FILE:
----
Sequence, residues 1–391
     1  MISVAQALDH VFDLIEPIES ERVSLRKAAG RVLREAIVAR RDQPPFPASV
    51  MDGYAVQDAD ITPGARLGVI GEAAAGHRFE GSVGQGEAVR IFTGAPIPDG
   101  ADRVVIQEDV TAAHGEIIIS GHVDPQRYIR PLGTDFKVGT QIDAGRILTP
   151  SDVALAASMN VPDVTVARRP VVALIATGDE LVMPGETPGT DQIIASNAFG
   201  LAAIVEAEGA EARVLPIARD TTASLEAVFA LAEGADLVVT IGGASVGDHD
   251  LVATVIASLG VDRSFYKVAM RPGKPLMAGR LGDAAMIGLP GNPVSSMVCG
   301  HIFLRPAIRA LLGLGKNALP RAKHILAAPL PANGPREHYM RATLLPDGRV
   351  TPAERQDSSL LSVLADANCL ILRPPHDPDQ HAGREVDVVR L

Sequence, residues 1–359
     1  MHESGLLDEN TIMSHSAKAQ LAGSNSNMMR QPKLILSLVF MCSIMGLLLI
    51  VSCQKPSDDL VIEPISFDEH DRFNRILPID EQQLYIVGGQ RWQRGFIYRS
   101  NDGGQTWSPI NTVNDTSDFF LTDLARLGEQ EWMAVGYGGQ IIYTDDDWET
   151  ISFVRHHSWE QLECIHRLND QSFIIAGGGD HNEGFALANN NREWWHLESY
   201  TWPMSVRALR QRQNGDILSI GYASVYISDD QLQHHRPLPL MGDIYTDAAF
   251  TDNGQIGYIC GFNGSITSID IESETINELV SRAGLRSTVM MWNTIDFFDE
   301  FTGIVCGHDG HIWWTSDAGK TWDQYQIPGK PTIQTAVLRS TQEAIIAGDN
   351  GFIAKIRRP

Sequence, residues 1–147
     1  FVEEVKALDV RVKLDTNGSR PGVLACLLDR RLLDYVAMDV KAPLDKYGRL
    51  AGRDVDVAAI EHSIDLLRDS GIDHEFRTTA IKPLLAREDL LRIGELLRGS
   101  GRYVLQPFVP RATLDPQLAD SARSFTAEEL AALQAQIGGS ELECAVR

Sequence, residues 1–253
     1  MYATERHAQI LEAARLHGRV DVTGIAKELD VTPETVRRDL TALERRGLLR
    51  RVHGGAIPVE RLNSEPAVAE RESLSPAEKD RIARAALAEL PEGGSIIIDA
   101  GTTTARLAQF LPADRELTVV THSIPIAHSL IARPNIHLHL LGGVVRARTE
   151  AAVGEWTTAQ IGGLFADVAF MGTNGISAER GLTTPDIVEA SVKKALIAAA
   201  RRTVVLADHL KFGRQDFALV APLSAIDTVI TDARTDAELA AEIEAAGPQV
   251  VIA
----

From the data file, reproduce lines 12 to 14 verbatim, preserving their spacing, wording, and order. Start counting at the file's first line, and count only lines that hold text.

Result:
    51  VSCQKPSDDL VIEPISFDEH DRFNRILPID EQQLYIVGGQ RWQRGFIYRS
   101  NDGGQTWSPI NTVNDTSDFF LTDLARLGEQ EWMAVGYGGQ IIYTDDDWET
   151  ISFVRHHSWE QLECIHRLND QSFIIAGGGD HNEGFALANN NREWWHLESY